The Logistic Map and the Feigenbaum Constants: a Retro Programming Inspired Excursion

“… Mitchell Feigenbaum was an unusual case. He had exactly one published article to his name, and he was working on nothing that seemed to have any particular promise. His hair was a ragged mane, sweeping back from his wide brow in the style of busts of German composers… At the age of twenty he had already become a savant among savants, an ad hoc consultant [at Los Alamos National Laboratory, USA] whom scientist would go to see about any expecially intractable problem.”

James Gleick, Chaos: the amazing science of the unpredectable.

This year, on June 30th 2019, Mitchell J. Feigenbaum died at the age of 74. Feigenbaum was an American mathematician that became famous with the discovery of the universal constants that bear his name. In the middle of the ’80, reading Le Scienze magazine (the Italian edition of Scientific American) I got to know of the contribution to the chaos theory of this charismatic mathematician. In particular, I was delighted by reading the Douglas Hofstadter’s article in the rubric “Temi Metamagici” ( Methamagical themes) (Scientific American, November 1981). The article explained the emergence of the chaos in the iteration map of the logistic equation, the same equation deeply studied by Feigenbaum. The full story about the Mitchell Feigenbaum and his discovery of his universal constants is delightly narrated in the beautiful book Chaos:the amazing science of the unpredectable by J. Gleick [1]. Here it is just another small extract:

“… in the summer of 1975, at a gathering in Aspen, Colorado, he heard Steve Smale [another key mathematicial in the developing of the chaos theory, NDA] talk about some of the mathematical qualities of the same quadratic difference equation [the same studied by Robert May, NDA]. Smale seemed to think that there were some interesting open questions about the exact point at which the mapping changes from periodic to chaotic. As always, Smale had a sharp instinct for questions worth exploring. Feigenbaum decided to look into it once more.”[1]

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Numerical Integration of Differential Equations. Part I.: Katherine Goble and the Euler’s Method.

This article was inspired by the beautiful 2016 movie Hidden Figures (based on the book of the same name by M. L. Shetterley) which tell the dramatic story of three talented black women scientist that worked as “human computers” for NASA in 1961 for the Mercury project.

Figure 1: Official theatrical poster of the movie and the phFoto of the real protagonist. From left to right. Mary Jackson, Katherine Goble and Dorothy Vaughan. (source: wikipedia)

In the movie, the mathematician Katherine Goble (interpreted by Taraji P. Henson), had a brilliant intuition on how to numerically solve the complex problem to find the transfer trajectory for the reentry into the Earth atmosphere of the Friendship 7 capsule with the astronaut John Glenn on board. In the particular scene, she was standing together with other engineers and the director of the Langley Research Center (a fictional character interpreted by Kevin Coster) in front of the vast blackboard looking to graph and equations when she says that the solution might be in the “old math” and she runs to take an old book from a bookshelf with the description of the Euler method. The scene is also nicely described in the youtube video lesson by Prof. Alan Garfinkel of the UCLA. A detailed description of the numerical solution based on the original derivation of K. Globe is in the Wolfram blog website.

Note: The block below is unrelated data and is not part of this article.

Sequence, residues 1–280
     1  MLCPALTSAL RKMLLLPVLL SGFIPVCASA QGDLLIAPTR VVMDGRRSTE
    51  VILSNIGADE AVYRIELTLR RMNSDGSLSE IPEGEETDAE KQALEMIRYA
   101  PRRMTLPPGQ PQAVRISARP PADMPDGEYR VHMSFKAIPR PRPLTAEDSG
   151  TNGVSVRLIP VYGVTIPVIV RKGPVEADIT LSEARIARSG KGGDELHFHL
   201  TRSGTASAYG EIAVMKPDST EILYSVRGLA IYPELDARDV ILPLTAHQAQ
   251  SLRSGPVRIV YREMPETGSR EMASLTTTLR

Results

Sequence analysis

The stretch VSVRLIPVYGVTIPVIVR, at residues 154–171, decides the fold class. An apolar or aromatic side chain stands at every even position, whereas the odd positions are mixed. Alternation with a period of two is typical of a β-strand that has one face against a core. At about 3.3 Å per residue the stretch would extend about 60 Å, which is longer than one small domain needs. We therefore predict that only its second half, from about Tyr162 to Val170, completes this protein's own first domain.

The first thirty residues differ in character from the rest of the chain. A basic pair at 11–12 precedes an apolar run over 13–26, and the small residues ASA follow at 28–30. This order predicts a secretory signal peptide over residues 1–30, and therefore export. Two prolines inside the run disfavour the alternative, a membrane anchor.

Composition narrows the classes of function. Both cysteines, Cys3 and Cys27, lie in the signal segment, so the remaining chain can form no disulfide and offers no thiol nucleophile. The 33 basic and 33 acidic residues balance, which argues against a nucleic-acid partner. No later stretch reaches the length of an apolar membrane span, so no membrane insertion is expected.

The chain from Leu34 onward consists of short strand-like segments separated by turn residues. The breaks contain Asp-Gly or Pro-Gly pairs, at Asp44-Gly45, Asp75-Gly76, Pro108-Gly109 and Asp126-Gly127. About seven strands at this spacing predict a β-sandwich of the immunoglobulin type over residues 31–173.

Katherine Globe was using for these complex calculation her brilliant brain with the support of a mechanical calculator (the Friden STW-10, in the movie, this machine is visible in different scenes). In a scene of the film, she revealed that her typical computing performance was of 10000 calculations per day and probably for calculations, she was not referring to single arithmetic operations! These exceptional mathematical skills have given a significative contribution at the beginning of the American space program, but it became insufficient to handle the more complex mathematics necessary to land the man on the Moon, and the other fantastic NASA achievements.

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The Lissajous-Bowditch Curves

Try to glue a small mirror to an end of a bent piece of wire fixed to a stable platform and let the laser beam of a laser pointer reflect on it. Entangled spires of an ephemeral dragon of light will perform a hypnotic dance on the wall of your room. This voluptuous dance is the results of two mutually perpendicular harmonic oscillations produced by the oscillations of the elastic wire. 

The curved patterns are called Lissajous-Bowditch figures and named after the French physicist Jules Antoine Lissajous who did a detailed study of them (published in his Mémoire sur l’étude optique des mouvements vibratoires, 1857). The American mathematician Nathaniel Bowditch (1773 – 1838) conducted earlier and independent studies on the same curves and for this reason, the figures are also called  Lissajous-Bowditch curves. Lissajous invented different mechanical devices consisting of two mirrors attached to two oriented diapasons (or other oscillators) by double reflecting a collimated ray of light on a screen, produce these figures upon oscillations of the diapasons.  The diapason can be substituted with elastic wires, speakers, pendulum or electronic circuits. I the last case, the light is the electron beam of a cathodic tube (or its digital equivalent)  of an oscilloscope. This blog is about these curves and shows demonstrations and applications.